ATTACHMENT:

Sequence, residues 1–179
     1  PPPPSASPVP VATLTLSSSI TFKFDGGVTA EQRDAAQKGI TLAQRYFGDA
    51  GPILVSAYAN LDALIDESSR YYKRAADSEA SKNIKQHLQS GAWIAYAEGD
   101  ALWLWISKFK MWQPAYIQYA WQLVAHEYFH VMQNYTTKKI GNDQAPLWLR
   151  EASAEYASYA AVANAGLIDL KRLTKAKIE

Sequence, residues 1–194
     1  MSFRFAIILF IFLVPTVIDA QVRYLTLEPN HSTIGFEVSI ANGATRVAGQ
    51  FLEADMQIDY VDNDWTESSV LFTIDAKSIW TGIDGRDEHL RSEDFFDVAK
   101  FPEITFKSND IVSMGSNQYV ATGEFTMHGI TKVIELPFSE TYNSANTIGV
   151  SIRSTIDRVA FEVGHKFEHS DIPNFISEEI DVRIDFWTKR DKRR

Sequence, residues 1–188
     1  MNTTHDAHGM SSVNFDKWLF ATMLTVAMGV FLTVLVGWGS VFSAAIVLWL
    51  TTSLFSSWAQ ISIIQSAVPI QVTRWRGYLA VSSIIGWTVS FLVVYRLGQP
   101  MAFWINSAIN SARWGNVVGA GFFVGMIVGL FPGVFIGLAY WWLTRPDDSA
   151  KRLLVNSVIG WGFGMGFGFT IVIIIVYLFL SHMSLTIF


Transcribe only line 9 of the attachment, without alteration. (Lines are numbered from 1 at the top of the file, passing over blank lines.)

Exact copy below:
   101  FPEITFKSND IVSMGSNQYV ATGEFTMHGI TKVIELPFSE TYNSANTIGV